v. 11 David’s great fear was to be cast away from the presence of the Lord and for the Holy Spirit to be removed from him. You may recall that David saw God reject Saul for his sins. David saw God remove His spirit from Saul (1 Sam 16:14), and David did not want the same to happen to him. On this side of the cross, the ministry of the Holy Spirit is different than it was for David. The Holy Spirit will not depart from a believer, but we can grieve Him (Eph 4:30). God will not cast the true Christian away in the sense he did Saul, but God will chastise the believer and if needed, He will even give him/her over to the buffeting of Satan (1 Cor. 5:5).

v.12 David’s fear was to have the same punishment as Saul. His great desire was to be restored to God and have the joy of a reconciled relationship with God. He also desired to remain within that relationship, so he asks for something he has seen in himself to be weak. He wants a willing spirit. God will take us just as we are when we acknowledge that. David knew his spirit was not as willing as it should be, so he asks God to produce in him a willing spirit. Like the father of the demon possessed boy who responded to Jesus’ call for him to believe by saying, “I do believe; help my unbelief” (Mk 9:23), we rely on God’s strength and not on our own.

The result of David’s confession of his sins and his petitions to God is an anticipation of God’s forgiveness. Thus he responds as he does in these verses.

13. Then I will teach transgressors Thy ways, and sinners will be converted to Thee.

As God sustains me with a steadfast spirit and being filled with the renewed joy of my salvation I will go boldly to teach others who have transgressed as I have, so that they may turn from their evil ways. Knowing what God has done for me, my desire is to go and tell others that they may receive the same forgiveness and joy.

14. Deliver me from blood-guiltiness, O God, Thou God of my salvation; then my tongue will joyfully sing of Thy righteousness.

David acknowledges again the specific of his sin which was murder. He had blood on his hands and only the Lord could deliver him from the guilt of it, but as God would do that, David would sing joyfully of God’s righteousness.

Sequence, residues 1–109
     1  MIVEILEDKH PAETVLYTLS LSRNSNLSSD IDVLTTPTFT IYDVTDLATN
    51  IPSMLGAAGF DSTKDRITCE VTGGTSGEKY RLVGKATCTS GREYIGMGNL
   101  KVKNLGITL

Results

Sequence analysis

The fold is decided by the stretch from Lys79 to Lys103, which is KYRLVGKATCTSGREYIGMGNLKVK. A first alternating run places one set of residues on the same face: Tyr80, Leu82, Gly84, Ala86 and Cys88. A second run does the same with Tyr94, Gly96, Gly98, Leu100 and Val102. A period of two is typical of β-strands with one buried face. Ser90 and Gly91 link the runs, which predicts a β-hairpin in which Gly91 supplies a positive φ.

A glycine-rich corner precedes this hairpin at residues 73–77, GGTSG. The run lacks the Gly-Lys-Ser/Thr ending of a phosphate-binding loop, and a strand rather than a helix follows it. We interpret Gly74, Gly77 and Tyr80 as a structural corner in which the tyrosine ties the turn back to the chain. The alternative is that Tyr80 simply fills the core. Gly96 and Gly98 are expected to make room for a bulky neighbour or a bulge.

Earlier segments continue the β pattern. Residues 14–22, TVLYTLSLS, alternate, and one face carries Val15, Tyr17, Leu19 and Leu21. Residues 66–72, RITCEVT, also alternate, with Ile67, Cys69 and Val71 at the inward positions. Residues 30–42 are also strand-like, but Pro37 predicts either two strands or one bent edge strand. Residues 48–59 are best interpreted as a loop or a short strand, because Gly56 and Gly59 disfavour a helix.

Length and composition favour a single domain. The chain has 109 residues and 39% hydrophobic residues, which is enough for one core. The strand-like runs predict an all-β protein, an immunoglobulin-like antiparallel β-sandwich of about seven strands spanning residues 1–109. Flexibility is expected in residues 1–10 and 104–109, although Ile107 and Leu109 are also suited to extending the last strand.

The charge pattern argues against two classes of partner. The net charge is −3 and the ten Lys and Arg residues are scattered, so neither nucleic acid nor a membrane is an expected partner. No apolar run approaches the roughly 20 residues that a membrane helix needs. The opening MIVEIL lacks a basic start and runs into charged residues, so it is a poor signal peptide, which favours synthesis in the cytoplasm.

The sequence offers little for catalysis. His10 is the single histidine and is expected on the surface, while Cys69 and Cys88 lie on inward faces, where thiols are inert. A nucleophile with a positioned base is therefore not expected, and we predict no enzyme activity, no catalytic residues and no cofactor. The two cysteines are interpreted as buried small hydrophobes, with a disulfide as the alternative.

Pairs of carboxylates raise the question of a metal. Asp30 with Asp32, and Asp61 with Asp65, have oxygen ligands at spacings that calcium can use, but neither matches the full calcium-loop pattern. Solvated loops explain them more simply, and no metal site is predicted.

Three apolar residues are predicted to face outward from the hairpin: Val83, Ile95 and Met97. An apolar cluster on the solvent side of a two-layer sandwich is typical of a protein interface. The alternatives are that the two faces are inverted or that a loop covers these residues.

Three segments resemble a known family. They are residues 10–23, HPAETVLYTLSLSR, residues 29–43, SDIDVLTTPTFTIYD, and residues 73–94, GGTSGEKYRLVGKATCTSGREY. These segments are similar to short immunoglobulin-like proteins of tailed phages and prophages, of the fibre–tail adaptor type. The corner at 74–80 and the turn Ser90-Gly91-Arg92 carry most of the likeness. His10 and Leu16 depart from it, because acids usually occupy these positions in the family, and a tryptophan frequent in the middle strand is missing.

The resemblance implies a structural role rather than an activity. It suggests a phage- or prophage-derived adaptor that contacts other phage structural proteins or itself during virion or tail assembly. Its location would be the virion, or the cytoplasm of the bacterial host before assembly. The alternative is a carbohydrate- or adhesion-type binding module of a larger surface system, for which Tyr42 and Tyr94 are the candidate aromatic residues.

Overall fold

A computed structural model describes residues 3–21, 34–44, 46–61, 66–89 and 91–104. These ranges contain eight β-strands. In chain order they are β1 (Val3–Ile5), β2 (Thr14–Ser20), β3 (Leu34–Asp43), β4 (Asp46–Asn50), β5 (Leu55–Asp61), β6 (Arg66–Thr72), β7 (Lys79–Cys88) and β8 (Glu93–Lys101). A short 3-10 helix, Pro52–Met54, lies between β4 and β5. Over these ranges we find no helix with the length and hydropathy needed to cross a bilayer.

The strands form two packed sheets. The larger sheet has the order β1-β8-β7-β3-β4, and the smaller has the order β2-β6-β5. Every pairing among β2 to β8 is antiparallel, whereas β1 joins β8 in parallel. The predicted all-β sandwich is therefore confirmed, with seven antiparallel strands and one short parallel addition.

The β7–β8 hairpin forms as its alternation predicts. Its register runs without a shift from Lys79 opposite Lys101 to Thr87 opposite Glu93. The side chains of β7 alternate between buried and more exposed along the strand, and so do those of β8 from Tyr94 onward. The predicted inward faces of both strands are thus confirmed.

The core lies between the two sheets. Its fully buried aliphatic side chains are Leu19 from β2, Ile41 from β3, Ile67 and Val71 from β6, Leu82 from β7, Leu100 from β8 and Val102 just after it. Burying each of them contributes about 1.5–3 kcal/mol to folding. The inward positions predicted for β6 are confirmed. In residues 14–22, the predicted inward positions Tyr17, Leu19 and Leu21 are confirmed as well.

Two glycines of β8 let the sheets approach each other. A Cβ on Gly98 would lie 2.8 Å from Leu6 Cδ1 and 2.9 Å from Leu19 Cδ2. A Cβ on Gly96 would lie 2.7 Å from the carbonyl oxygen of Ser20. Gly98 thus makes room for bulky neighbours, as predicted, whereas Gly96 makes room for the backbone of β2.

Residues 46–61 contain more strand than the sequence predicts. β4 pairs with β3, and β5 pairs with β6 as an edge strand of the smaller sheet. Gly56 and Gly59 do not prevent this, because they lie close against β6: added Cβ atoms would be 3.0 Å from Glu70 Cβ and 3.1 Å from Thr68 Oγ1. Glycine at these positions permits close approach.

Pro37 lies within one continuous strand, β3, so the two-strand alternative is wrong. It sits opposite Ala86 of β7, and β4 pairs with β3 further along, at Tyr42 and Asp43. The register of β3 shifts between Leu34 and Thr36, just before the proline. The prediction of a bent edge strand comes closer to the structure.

15. O Lord, open my lips, that my mouth may declare Thy praise.

16. For Thou dost not delight in sacrifice, otherwise I would give it; Thou art not pleased with burnt offering. 17. The sacrifices of God are a broken spirit; a broken and a contrite heart, O God, Thou wilt not despise.

David learned well the lesson that Saul never learned. The sacrificial system of the Old Testament was not a pleasing thing to God. God was not interested in the blood of bulls and goats. God was interested in the heart of the man worshiping Him by means of the sacrifices. God rebuked the nation of Israel often because they failed to understand this. God does not want your outward actions of sacrifices of time, money, talent or whatever else unless it comes with a pure heart. A heart broken over sin and in a state of repentance is what is pleasing to God. He is not interested in your efforts to “buy him off” with sacrifices of good works. What God wants is you.

David closes the Psalm with asking God to continue with the promises he has made to glorify His name in Zion. David was not interested in himself, but in God.

18. By Thy favor do good to Zion; build the walls of Jerusalem.

19. Then Thou wilt delight in righteous sacrifices, in burnt offering and whole burnt offering; then young bulls will be offered on Thine altar.